A former mystery bookstore owner, Linda turned her computer to writing. As Erika Chase, she has penned five Ashton Corners Book Club Mysteries. And these days, under her real name, Linda Wiken, she writes the Dinner Club Mystery series. All are from Berkley Prime Crime.  Linda also writes short stories and is part of The Ladies' Killing Circle, a dangerous gang of dames who have put out seven mystery anthologies. Linda was honoured to be shortlisted for an Arthur Ellis Award from Crime Writers of Canada for Best Short Story, and for an Agatha Award from Malice Domestic for Best First Novel. She is owned by two Siamese cats who allow her to pursue her passion for chorale singing, and the eating of chocolates!

Linda's Write Spot


What makes this The Write Spot for you?

It’s The Write Spot mainly because it’s a room with a view. :-) I look out at tree tops and morning sun (which sometimes isn’t too helpful when trying to see the screen, I must admit).  

This dedicated office space is on the second floor of my home, a small room with two desks (one for writing; one for other things, such as paying bills and other personal matters), and bookcases along two walls. The room is bright and cheerful no matter what the weather, and that’s a great boost to the writing mind!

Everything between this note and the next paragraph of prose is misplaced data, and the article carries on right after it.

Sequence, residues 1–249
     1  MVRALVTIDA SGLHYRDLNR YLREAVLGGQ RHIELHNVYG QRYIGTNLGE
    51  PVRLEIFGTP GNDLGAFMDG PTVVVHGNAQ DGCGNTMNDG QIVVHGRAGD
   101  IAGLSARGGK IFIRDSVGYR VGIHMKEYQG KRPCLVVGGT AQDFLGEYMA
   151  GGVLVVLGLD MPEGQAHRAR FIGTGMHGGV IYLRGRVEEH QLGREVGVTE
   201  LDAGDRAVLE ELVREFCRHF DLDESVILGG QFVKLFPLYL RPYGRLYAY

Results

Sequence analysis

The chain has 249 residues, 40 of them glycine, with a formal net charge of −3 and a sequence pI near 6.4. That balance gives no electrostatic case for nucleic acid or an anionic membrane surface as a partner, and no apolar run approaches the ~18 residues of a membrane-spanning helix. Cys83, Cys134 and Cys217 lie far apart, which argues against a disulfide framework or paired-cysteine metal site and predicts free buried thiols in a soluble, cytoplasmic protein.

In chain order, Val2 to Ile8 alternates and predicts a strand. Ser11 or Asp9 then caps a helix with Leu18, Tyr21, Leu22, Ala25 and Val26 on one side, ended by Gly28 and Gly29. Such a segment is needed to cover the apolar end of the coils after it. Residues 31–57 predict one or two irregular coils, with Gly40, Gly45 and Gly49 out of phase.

Love the leafy view, and I see your gorgeous Siamese cats enjoy the bookcases, too. :-) 

Other than your computer or laptop, what's the one thing you couldn't be without in your Write Spot?

My books! I love being surrounded by books. Many are reference and research books but the majority are for inspiration. Just looking at a cover or picking up a trade paperback gives me such a feeling of well-being and incentive, I could write forever. Or until dinner time, at least.